To this date, legislators have not taken action on the Board-approved proposal to freeze the COLA.

  • I am a re-employed retiree and am currently have State of Ohio medical coverage. I called in and was told the monthly amount I would be eligible for would be placed in a health spending (maybe not the right words) account which I would be eligible to use when I actually do retire again. What do I need to do (and when) to ensure this happens?

    • V,

      You will need to opt into the HRA through Via Benefits during open enrollment this fall. We will be sending out much information about that process as the time draws near. Thanks for asking.

  • Michael

    I’m looking at possibly retiring next June with 39 years.
    My question is can I contact Via Benefits and open an account with them to see what kind of insurance is offered to me through them? Or do I have to go through Opers’s and actually put in for retirement before I can create an account with Via Benefits?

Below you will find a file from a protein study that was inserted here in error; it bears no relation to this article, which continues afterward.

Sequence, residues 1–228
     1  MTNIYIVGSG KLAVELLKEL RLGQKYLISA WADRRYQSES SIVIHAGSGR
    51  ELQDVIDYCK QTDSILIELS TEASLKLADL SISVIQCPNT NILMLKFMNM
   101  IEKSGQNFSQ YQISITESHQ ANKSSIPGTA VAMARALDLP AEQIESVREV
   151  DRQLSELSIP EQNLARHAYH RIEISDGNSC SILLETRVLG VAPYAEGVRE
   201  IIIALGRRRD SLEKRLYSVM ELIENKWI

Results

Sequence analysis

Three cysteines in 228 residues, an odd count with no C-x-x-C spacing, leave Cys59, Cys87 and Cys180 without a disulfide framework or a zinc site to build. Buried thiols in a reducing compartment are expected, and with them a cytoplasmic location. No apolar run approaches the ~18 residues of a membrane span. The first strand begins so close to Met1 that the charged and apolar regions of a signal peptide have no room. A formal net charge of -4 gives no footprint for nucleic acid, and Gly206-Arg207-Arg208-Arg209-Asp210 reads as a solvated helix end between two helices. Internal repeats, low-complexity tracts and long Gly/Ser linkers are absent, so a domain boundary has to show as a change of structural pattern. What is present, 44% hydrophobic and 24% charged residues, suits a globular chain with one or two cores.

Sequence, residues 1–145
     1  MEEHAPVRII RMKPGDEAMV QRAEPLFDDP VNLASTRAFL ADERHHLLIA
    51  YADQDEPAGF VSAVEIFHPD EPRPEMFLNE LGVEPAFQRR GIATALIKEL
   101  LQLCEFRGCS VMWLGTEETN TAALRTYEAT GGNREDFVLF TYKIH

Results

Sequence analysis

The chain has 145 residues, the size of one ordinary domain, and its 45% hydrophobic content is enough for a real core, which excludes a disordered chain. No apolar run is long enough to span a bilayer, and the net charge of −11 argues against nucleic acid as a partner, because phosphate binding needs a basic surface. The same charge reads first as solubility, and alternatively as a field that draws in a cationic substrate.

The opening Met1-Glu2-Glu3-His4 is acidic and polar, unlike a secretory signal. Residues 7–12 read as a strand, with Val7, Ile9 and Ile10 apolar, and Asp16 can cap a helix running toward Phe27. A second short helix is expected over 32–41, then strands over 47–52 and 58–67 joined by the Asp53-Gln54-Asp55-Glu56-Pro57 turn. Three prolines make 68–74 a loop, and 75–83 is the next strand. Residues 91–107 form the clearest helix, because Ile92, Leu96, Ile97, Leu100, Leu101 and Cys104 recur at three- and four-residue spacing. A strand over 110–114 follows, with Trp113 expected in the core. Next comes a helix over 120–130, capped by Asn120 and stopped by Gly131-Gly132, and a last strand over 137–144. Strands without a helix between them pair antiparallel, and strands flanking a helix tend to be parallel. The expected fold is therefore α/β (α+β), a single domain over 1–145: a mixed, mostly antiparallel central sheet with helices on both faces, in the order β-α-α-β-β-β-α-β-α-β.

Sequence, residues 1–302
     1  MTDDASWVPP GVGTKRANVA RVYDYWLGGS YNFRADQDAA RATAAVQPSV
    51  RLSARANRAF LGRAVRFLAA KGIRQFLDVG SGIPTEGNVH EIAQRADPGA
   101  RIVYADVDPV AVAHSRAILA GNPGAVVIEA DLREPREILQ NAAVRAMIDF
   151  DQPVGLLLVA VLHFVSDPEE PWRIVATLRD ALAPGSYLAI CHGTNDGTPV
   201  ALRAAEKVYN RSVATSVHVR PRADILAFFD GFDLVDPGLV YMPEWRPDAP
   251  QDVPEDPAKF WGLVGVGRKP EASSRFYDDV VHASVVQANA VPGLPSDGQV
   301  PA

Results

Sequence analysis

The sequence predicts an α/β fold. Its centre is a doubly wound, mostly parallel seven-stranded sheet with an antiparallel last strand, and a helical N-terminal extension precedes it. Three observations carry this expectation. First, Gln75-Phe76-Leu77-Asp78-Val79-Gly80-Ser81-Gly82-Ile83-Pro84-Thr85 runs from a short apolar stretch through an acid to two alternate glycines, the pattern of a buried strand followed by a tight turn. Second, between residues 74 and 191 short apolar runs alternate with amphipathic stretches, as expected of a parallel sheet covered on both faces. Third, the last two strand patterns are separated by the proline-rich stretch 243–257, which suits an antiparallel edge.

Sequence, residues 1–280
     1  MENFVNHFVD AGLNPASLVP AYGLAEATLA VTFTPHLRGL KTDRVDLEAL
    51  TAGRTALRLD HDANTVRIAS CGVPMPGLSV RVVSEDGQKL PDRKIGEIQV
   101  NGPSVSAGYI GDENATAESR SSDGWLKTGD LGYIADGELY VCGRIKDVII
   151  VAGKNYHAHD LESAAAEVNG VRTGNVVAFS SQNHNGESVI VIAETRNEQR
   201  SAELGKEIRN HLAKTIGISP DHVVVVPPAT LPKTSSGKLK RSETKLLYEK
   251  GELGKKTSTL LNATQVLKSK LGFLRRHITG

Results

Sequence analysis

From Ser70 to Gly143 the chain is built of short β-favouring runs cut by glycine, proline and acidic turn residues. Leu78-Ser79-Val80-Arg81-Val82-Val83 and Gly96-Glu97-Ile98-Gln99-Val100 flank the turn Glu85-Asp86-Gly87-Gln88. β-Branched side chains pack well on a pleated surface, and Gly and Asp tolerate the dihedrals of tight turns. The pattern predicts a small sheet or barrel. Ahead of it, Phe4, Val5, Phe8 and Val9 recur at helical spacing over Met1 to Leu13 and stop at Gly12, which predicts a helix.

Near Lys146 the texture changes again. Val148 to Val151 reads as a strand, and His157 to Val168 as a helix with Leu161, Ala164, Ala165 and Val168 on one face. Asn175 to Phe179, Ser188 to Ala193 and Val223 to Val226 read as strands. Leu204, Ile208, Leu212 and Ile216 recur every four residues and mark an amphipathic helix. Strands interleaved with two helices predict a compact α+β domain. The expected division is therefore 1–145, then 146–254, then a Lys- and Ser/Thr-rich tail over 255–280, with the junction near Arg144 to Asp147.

Thank you
    BG

    • BG,
      You would not be able to create an account with Via Benefits until they have your file. Please send the questions you may have about this process through your OPERS online account message center so we can review your account and provide answers that are specific to your situation.
      Thanks MS

  • When I turn 65 (in 09/22) I will still be employed and covered by my employer for med insur. Do I have to go on Medicare? Will I lose my HRA? How will 65 affect an employed person (not a PERS employer)?

    • Teresa,